public static partial class CreamyLayerManagerFactory
        public static CreamyLayerManager Create(Bread bread_i)
            CreamyLayerManager creamyLayerManager = new CreamyLayerManager();
            return creamyLayerManager;
            // TODO: Edit factory method of CreamyLayerManager
            // This method should be able to configure the object in all possible ways.
            // Add as many parameters as needed,
            // and assign their values to each field by using the API.

Here’s the factory that Pex wanted us to create.  The job of this object is to spit out a CreamLayerManager when asked – it’s a factory and that’s what they do.

Notice the file header, not a .g.cs so we have a full and creative license to work inside this file without any worries of having it regenerated.   One thing to note here.   If your factory spits out something that’s not quite right, you’ll have to figure that out.  Pex will begin to act a bit funny if it’s expecting a shoe object and you give it a skateboard object.  It’s your responsibility to ensure that the factory is providing the correct objects that are configured properly.


imageFurther down in the factory class (from above) we see a message from the author  that let’s us know that we need to sort out this object.


The TODO also states that the object needs to be configured in all possible ways.  So if you’re building a shoe object, make sure it has has shoe laces if it calls for them.  The managers in the exercise are pretty boring.  The don’t have any internal state to manage, but some manager objects may.  There could be public members that need to be setup before Pex asks the object to do any work.


Right now Pex isn’t finding anything else that needs to be done.  Our CreamyLayer manager is coded and covered; our CrunchyLayer is throwing NotImplemented.  And all of our tests are green.  If you think back, our LayerManagers implement IBusinessLayer and we didn’t get a factory for the Crunchy Layer.  We’ll see if we can make that happen.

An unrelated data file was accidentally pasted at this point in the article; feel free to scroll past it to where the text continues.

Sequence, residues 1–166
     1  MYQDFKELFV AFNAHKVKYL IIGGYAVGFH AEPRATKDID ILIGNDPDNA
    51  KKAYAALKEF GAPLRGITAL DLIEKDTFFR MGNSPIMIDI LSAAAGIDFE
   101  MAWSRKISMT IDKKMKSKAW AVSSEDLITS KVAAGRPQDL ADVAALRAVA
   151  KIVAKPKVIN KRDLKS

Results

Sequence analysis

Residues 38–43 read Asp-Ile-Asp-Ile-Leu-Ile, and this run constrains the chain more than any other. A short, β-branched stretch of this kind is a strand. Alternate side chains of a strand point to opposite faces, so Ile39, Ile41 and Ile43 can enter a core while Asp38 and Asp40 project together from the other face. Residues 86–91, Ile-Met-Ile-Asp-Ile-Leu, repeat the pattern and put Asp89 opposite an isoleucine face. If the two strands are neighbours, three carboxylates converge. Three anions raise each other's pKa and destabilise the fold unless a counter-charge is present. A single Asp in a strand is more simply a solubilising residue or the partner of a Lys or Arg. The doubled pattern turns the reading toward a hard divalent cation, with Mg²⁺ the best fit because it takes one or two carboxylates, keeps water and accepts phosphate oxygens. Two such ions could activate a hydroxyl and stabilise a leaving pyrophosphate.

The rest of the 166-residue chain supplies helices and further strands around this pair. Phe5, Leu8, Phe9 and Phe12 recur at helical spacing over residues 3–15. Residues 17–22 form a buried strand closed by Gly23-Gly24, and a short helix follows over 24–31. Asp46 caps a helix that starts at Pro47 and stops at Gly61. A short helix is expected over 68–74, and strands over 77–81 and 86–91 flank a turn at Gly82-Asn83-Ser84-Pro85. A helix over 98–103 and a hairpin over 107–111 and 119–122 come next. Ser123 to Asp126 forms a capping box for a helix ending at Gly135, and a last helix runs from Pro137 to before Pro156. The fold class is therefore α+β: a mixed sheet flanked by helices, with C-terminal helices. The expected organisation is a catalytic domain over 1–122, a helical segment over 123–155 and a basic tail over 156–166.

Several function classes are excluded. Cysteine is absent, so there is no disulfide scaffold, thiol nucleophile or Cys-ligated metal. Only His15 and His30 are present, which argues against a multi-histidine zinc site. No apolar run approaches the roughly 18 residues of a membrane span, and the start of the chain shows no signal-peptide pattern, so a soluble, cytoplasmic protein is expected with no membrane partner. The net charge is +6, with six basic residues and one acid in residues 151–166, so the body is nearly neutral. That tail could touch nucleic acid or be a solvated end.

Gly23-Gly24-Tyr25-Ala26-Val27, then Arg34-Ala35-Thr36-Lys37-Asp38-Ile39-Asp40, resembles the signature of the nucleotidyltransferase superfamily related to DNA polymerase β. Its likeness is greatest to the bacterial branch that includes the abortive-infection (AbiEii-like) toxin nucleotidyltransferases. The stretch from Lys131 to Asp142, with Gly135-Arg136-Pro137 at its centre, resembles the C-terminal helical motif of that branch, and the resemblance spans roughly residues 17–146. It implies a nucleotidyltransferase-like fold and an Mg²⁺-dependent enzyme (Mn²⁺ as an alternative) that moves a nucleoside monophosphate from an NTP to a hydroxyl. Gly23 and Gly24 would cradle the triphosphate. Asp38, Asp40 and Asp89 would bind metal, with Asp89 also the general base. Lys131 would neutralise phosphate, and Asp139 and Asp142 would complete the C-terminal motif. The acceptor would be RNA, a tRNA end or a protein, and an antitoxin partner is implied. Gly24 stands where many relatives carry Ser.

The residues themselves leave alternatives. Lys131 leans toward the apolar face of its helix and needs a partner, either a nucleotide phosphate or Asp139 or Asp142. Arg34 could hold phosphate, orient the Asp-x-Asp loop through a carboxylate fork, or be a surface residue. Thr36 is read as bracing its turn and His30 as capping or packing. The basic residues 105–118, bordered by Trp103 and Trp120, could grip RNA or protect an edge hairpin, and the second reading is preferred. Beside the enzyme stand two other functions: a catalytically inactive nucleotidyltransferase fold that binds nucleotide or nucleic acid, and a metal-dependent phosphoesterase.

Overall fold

I’ve changed the CrunchyLayer implementation and see what affect that has.  Most notable is that the default constructor is private and the (public) overloaded version must be doing something different.  The constructor is calling a private method to configure the Sandwich object.  I’m basically hard-coding a very large sandwich with a lot of peanut butter.

public class CrunchyLayerManager : IBusinessLayerManager
    public Sandwich Sandwich { get; private set; }
    public CrunchyLayerManager(Sandwich sandwich)
    private CrunchyLayerManager()
    private void ConfigureSandwich(Sandwich sandwich)
        sandwich.Slices = 4;
        sandwich.Toasted = true;
        sandwich.Layers = 4;
        sandwich.Topping = Topping.MorePeanutButter;
        sandwich.BreadSlices = 4;
        this.Sandwich = sandwich;
    // ...

Let’s see what Pex has to say about the changes.


We’ll first of all the “g.cs” generated files are expecting a public constructor with no arguments, not the one I supplied.

So at this point, it’s safe to say that if we regenerated, the CreamyLayer manager test won’t change, but the CrunchyLayer tests will.  Re-running Pex Explorations without fixing the build.  Pex will run against the broken build.














And it does.  We have some tests that are passing, but some failed tests have shown up.  We can use the Pex Explorer Results window at the bottom of the IDE to see what happened.


We’ll start here next time.  Until then.

Posted on Tuesday, May 26, 2009 9:50 AM | Back to top

Comments on this post: Flex Your Pex (Part 4)